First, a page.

From the archive: Exploring the lost car industry of Zimbabwe

As the world rebuilt from the ruins of war, economic miracles occurred in nations both victorious and defeated.

Among them was one that few know about today: the Central African Federation (CAF), founded in 1953.

Large reserves of gold, asbestos, chrome and copper, farmland that allowed for both self-sustaining food and tobacco for export, and the mass arrival of skilled workers from Europe resulted in a massive influx of investment and constant production rises. Within just one lifetime, this area of empty bush land had become an industrialised society on par with New Zealand.

Car makers were keen to get in on it, for obvious reasons. “To the Rhodesian, a vehicle is not a luxury but more of a necessity of life than an overcoat,” Autocar reported on visiting in 1958. “Literally no one can exist here without one, and less than 2% of the male population of licensable age do not own one.”

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The British Motor Corporation (BMC) was the first to arrive in the CAF. Like it had already done in Australia and South Africa, in 1958 it decided to build a factory to assemble completely knocked-down car kits shipped from the UK to Mozambique and up the steam railway to the city of Umtali.

The first of these cars – which differed slightly from ours, having around 20% local content – rolled off the line in October 1960, by which time the CAF market had reached 10,000 car and almost 4000 commercial vehicle sales per year. Products would include the Austin Cambridge, Westminster and 1100; the Morris Minor and Oxford; and the Mini and Moke, adopted by the police and army.

Ford of Canada followed suit, building a factory further north, in the capital of Salisbury. Machinery and tools were shipped from the Americas and Australia, and again vehicles were produced from completely or semi-knocked-down kits.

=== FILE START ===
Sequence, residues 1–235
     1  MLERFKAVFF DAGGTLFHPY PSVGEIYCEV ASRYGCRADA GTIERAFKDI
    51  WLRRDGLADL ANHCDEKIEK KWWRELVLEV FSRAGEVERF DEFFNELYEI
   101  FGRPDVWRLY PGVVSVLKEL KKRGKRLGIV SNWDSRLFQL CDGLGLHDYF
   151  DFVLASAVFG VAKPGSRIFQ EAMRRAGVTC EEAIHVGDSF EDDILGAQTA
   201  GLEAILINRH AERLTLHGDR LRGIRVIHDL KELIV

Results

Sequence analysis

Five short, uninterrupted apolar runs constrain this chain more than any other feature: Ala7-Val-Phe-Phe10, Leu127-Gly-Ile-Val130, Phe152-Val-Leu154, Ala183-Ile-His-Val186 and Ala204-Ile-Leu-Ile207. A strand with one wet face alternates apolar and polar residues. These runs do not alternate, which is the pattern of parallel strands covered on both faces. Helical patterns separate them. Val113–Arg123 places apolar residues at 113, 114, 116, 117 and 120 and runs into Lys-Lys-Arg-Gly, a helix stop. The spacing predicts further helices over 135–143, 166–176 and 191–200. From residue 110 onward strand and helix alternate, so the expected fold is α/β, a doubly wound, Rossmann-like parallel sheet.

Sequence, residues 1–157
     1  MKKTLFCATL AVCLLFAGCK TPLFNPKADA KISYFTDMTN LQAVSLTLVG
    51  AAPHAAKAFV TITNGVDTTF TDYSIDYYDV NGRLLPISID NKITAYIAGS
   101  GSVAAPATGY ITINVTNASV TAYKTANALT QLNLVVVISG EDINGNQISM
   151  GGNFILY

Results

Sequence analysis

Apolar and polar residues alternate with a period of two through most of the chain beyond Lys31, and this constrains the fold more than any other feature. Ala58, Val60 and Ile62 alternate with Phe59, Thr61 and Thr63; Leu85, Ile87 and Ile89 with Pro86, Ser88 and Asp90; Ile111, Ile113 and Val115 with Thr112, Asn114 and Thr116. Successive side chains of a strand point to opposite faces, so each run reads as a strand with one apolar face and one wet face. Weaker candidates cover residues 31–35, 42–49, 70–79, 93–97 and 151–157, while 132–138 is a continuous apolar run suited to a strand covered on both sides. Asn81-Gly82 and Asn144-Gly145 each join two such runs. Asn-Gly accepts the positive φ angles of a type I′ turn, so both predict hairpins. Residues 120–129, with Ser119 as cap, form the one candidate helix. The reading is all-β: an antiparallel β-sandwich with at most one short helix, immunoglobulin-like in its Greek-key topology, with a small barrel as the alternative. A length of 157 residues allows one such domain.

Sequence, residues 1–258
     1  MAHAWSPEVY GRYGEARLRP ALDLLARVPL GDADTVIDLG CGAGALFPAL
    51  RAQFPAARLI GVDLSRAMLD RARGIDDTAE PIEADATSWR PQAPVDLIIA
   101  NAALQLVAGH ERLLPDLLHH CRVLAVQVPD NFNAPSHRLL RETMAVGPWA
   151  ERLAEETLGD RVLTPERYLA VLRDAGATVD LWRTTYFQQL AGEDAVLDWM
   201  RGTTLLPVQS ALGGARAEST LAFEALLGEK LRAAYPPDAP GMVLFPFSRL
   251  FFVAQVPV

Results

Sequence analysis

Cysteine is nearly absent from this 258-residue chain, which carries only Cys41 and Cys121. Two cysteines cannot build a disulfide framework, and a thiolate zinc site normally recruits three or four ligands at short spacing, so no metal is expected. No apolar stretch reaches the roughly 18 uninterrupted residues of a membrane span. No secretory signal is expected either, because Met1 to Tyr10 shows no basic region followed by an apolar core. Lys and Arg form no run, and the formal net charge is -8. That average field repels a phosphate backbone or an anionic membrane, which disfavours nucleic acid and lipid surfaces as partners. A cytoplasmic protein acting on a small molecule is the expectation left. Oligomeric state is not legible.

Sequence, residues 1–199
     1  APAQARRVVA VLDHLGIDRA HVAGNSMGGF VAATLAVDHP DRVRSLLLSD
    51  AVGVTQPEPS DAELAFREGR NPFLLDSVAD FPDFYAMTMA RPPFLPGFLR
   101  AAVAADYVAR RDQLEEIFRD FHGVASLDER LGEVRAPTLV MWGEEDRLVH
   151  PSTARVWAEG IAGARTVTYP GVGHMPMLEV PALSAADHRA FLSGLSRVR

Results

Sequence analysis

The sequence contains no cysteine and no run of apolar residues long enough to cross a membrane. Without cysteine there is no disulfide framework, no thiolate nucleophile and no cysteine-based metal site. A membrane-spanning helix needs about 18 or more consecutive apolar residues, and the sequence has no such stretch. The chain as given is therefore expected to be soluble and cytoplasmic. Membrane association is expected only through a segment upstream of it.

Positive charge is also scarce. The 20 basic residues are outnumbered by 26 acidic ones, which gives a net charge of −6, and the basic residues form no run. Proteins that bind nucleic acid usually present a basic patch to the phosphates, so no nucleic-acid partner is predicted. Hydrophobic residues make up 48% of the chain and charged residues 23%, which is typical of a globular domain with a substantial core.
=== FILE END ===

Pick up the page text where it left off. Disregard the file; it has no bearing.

Products made from July 1961 were as varied as the Anglia and Zephyr saloons, Transit vans, Fordson tractors and Thames Trader trucks, with many of their components sourced from South Africa. Within just seven months, Salisbury had built 1000 vehicles.

Then in 1963, a local firm built a plant in Lusaka to make Willys jeeps and Rover opened one in Salisbury to build Land Rovers.

However, almost as soon as these enterprises had got going, they were thrown into crisis. Africa was rapidly being decolonised, its indigenous people becoming ever more conscious of their historic identities and of their oft-brutal marginalisation. And so in 1964, North Rhodesia and Nyasaland forced the dissolution of the CAF and re-established themselves as Zambia and Malawi.

The white minority government of South Rhodesia refused to give up their way of living, but the UK refused to grant it independence unless it enacted majority rule – and so it declared unilaterally.

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